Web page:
Checkers

We lived with my mother’ folks when I was ten and my Grandpa had a chess set.  I learned the basic moves by reading the directions that were in the box and then I badgered him into playing me a game.  I lost the early games but then I caught on enough to beat him.  After that, he would only play chess with me if I agreed to play checkers with him. I didn’t do nearly as well at checkers.

When I was in high school, I borrowed a book titled “How to Win at Checkers” and I gained some insight into the game.  I never did play anymore checkers with grandpa but when I was in the Navy, I sat in on a game at the YMCA in San Diego.  There was a fellow there who  was playing eight or ten people at the same time.  He beat everybody but one and he told me that he wasn’t sure which one of us would win if we played it out but if I agreed to a draw, he would give me five dollars, two packs of cigarettes and three candy bars. That sounded pretty reasonable to me and I accepted his offer.

Years later when my youngest was about six, he challenged me to a game of checkers and I told him I didn’t know how to play.  He said he would teach me and I saw that I wasn’t going to get out of playing.  We played several games and I kept the games pretty close but I always beat him by a little bit.  He teared up a at that point and one of his big sisters asked him “what was the matter?”  He said he “must be a really terrible checker player because he was teaching me how to play and I was beating him.” She told him that “maybe I had just forgotten that I knew how to play.” He picked up on what she was trying to tell him and he was conspicuously accusatory when he shook his finger at me and said; “You knew.”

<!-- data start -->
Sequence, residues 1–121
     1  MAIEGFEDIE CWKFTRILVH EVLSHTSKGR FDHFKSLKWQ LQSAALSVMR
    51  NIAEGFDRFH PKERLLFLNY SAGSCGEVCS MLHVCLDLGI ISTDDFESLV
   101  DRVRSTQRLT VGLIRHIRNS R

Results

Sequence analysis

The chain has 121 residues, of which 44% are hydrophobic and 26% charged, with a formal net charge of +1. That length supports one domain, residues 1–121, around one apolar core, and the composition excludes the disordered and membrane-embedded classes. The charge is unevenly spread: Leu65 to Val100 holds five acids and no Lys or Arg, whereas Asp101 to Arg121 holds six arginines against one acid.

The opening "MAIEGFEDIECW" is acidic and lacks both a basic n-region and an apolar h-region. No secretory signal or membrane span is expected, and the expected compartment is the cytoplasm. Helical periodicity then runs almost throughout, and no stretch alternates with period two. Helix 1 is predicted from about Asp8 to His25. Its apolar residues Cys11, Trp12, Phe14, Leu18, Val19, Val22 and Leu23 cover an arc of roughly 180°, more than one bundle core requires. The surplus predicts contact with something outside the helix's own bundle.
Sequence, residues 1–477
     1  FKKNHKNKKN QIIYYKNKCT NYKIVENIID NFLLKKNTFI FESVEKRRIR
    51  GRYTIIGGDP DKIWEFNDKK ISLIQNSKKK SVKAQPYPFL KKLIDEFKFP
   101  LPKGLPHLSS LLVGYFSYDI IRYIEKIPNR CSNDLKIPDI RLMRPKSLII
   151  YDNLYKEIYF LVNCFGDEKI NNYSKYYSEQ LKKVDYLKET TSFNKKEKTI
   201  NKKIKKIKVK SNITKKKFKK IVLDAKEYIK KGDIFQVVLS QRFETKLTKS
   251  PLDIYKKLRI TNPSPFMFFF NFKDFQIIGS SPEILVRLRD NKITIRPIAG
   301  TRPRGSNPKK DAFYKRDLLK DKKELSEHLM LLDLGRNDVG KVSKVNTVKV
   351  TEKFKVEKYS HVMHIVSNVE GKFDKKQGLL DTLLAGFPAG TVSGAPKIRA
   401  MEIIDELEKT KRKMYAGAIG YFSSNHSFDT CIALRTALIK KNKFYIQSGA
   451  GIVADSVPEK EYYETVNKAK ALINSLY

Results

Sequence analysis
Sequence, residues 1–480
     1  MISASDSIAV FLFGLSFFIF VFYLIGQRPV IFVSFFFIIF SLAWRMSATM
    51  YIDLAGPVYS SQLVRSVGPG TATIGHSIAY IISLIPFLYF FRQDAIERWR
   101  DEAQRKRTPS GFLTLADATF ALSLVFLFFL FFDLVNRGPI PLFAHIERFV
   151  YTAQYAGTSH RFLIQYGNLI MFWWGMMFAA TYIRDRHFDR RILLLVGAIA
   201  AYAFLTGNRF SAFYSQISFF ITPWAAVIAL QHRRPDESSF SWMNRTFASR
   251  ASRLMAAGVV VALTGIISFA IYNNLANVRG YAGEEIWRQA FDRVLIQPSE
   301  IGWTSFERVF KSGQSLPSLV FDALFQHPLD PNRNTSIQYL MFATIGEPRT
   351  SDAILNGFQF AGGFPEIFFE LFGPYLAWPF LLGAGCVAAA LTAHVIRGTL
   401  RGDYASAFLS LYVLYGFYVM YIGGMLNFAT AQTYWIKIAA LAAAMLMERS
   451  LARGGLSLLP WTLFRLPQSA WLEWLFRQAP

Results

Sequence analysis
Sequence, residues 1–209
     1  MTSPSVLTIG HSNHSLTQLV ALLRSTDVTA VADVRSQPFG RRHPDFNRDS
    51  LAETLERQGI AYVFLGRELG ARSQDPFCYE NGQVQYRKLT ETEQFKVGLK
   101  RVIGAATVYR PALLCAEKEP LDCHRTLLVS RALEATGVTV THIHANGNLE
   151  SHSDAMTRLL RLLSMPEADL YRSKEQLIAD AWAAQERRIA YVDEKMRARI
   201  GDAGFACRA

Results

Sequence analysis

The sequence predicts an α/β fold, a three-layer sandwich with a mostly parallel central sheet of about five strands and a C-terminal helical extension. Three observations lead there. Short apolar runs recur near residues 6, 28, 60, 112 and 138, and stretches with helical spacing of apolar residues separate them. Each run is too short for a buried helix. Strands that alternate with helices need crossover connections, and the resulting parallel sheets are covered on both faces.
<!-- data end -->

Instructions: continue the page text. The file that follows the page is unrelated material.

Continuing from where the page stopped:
I probably warped his little mind with my sense of humor when they were growing up but they weren’t beyond getting even. He wasn’t much older than that when he got mad at me and called me the worst thing he could think of. He called me a “little runt” and I think he was the only one that ever called me that.

When the kids were quite small, I sneaked them each a cookie while their mother was fixing dinner. They were called Carnival Cookies and they were little animals covered with white or pink icing and they had multi-colored sprinkles on them. They very quickly popped the cookies into their mouths but when I put one in mine, I heard a chorus of “Mom, Dad’s in the cookies” and that got me in big trouble with their mother.

If it were possible that we could go back to when they kittens and puppies, I would enjoy that very much.  I mentioned that to my wife and she told me that I should make myself an appointment at the mental health clinic. It is only fair to say that she was the primary care giver and she had her hands full. She used to give me a big build up and a drum roll when I got home and that resulted in me getting mobbed by the munchkins. Meanwhile, I think she locked herself in the bathroom for a little peace and quiet.

I have enjoyed my kids and I suspect that when the last grains of sand trickle though my hour glass, I won’t be thinking about my accomplishments and all my toys.  I suspect that instead, I will be thinking about being separated from my family.

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